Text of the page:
In fact, Bin Laden may have had trouble endearing himself to Pakistan’s new military rulers even without international pressure, because Sunni Muslim fighters trained in Bin Laden’s camps in Afghanistan have been fomenting communal violence against Shi’ite Muslim communities inside Pakistan. The Taliban, predictably, lashed out at the U.N. resolution and vowed to defy international pressure to hand over the man accused of masterminding last year’s deadly attacks on U.S. embassies in East Africa. Nonetheless, the movement is anxious to consolidate its control over Afghanistan and normalize relations with the international economy –- a quest that won’t be helped by tales of its fighters’ savagery against civilians reported in Monday’s New York Times. "The Taliban can’t afford to be seen to cave in to U.S. pressure," says Dowell. "But they may quietly force Bin Laden to leave, and that leaves him a lot more vulnerable to capture." Object lesson for international terrorists: If you’re going to mess with one big power, lay off the others.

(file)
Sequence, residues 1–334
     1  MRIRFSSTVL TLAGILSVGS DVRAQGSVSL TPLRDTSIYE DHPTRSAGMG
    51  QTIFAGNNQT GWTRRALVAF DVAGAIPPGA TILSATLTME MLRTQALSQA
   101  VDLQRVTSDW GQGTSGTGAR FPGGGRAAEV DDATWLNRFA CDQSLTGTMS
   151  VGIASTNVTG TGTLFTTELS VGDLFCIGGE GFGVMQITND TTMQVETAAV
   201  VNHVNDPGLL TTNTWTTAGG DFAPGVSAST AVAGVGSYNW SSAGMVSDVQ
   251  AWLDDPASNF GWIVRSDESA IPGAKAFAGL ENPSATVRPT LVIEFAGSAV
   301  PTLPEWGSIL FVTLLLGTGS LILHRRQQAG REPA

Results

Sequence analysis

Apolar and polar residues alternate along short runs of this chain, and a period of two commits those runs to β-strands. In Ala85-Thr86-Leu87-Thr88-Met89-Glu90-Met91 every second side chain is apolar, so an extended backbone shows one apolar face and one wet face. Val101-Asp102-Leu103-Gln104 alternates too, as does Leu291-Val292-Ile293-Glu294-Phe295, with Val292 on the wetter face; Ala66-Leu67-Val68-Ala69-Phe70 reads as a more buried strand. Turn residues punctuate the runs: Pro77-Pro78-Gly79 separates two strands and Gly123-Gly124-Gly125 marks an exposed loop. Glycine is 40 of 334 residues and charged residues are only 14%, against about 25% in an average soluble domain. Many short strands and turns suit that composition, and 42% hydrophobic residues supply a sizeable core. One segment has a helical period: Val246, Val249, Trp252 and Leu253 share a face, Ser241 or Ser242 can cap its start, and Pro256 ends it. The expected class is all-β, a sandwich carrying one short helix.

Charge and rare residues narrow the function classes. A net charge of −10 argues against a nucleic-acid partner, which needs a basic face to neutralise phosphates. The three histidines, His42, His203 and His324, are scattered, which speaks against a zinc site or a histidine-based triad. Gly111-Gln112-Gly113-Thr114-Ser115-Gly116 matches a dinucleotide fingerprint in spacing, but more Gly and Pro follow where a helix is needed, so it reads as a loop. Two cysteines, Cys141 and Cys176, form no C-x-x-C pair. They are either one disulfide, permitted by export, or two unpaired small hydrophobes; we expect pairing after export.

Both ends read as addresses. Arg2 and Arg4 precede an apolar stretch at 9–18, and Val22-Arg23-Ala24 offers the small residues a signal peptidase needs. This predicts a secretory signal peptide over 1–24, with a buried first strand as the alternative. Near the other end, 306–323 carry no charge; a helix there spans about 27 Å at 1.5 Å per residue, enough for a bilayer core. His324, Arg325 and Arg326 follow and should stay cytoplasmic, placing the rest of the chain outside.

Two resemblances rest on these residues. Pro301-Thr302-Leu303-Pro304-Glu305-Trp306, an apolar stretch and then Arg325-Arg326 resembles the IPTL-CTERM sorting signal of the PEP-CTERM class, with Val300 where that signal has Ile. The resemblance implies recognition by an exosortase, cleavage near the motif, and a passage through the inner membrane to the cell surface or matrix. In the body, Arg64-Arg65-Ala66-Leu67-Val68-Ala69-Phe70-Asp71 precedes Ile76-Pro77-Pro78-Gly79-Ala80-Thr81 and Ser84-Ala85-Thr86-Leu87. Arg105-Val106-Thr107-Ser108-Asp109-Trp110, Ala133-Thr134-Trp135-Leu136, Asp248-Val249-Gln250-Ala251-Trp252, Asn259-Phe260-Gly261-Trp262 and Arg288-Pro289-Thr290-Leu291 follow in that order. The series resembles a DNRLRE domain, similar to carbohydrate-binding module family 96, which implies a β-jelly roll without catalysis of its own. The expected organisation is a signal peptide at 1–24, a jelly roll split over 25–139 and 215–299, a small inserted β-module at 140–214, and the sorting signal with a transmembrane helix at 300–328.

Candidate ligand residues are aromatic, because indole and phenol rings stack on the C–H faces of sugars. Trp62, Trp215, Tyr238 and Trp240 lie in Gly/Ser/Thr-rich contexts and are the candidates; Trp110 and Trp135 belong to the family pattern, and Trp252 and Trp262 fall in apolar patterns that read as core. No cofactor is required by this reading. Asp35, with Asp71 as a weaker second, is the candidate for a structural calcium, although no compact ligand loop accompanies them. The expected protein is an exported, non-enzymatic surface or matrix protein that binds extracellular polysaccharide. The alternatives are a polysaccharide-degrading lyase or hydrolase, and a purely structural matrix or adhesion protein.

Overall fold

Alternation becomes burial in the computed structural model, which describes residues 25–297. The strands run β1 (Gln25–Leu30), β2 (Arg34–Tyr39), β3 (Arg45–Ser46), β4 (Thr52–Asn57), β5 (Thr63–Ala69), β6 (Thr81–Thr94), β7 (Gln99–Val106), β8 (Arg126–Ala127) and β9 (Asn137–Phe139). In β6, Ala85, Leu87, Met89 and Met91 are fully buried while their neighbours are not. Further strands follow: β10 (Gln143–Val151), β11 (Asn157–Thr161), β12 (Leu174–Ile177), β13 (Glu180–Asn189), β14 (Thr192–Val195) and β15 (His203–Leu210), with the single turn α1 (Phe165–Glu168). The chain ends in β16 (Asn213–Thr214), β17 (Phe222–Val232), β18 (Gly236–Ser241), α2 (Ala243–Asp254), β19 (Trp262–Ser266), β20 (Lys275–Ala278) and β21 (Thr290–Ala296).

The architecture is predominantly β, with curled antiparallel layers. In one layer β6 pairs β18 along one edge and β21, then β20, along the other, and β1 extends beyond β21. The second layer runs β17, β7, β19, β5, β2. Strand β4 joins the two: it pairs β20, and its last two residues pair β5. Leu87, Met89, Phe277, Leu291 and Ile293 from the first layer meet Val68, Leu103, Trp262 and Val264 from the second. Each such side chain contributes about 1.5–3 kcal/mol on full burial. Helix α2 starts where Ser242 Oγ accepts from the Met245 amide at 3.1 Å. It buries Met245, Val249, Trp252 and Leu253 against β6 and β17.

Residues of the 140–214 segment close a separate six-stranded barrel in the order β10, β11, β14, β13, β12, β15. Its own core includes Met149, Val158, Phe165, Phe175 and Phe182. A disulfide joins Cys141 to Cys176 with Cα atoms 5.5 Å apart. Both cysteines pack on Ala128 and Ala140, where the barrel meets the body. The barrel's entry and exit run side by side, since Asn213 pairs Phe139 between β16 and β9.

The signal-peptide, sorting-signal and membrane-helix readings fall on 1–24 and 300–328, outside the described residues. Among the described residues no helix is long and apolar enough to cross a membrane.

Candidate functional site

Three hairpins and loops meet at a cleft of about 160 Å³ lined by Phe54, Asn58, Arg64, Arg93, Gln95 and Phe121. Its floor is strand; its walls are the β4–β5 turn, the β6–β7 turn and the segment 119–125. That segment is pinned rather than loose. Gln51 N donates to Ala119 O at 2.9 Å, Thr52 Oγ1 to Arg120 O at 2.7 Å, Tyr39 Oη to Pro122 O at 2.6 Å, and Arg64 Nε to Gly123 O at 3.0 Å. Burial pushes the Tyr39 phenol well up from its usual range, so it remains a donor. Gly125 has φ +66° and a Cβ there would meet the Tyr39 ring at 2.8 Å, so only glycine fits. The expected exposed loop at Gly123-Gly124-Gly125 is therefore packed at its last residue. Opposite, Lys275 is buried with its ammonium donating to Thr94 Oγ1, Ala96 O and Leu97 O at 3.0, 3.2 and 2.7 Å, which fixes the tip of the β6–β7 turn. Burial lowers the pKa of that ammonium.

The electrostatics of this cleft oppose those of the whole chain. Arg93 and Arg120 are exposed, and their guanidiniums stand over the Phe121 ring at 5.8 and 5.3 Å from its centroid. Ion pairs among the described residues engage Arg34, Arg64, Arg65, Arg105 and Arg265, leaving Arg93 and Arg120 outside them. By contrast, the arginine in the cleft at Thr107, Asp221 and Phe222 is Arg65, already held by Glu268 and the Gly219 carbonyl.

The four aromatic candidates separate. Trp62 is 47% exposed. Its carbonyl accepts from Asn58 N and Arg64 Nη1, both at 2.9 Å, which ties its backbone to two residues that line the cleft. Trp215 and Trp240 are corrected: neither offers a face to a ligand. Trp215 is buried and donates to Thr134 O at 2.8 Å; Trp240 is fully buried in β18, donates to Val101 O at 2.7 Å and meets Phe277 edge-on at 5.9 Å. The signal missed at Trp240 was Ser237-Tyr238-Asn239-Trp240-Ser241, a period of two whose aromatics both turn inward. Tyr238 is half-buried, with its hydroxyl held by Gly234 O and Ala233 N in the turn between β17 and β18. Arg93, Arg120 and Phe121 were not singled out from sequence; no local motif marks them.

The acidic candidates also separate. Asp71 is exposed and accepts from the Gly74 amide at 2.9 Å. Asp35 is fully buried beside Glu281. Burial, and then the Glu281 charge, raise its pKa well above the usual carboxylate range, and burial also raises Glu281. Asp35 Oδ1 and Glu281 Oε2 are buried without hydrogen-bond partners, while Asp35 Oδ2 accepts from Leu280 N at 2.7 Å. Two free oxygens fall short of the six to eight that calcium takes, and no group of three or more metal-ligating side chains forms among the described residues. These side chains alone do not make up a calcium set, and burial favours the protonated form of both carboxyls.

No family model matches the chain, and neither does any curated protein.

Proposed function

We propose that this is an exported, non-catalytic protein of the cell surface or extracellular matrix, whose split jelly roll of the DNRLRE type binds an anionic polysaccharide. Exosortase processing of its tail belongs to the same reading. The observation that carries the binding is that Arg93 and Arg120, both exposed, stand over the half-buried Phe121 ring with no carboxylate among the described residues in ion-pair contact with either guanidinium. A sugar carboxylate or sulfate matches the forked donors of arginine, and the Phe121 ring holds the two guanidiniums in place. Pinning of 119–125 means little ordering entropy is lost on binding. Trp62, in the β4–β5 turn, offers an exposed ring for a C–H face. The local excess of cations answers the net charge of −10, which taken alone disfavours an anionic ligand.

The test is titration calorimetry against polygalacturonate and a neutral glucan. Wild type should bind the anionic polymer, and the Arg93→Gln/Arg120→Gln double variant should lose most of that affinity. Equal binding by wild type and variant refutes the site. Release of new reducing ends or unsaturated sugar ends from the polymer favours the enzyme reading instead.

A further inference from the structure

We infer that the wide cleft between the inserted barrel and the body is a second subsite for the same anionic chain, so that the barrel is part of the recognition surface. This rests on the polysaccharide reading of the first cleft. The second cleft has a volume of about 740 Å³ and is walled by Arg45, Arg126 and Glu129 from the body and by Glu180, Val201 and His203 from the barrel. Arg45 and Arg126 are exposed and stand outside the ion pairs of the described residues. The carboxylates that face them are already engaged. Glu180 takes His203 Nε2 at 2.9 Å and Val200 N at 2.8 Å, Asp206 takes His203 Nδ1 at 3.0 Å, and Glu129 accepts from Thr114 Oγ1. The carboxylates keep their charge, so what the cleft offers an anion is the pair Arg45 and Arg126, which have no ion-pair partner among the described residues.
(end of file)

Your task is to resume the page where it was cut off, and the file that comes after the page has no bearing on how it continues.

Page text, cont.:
Empires historically have crumbled when they overreach, and superterrorist Osama bin Laden’s adventures in China may yet prove to be his undoing. The survival prospects for the international financier-revolutionary dimmed last week following the coup in Pakistan and a U.N. Security Council resolution threatening sanctions against his hosts –- Afghanistan’s Taliban movement –- if they fail to extradite Bin Laden for trial in the U.S. Beijing and Moscow were more than happy to support Washington in passing the Bin Laden resolution, because the fugitive Saudi is alleged to have actively supported Islamic separatists in Chechnya and in western China. "Even more important for Bin Laden, China appears to be the major player in Pakistan now," says TIME U.N. correspondent William Dowell. "And Pakistan remains the Taliban’s key backer, which could mean increased pressure on Bin Laden."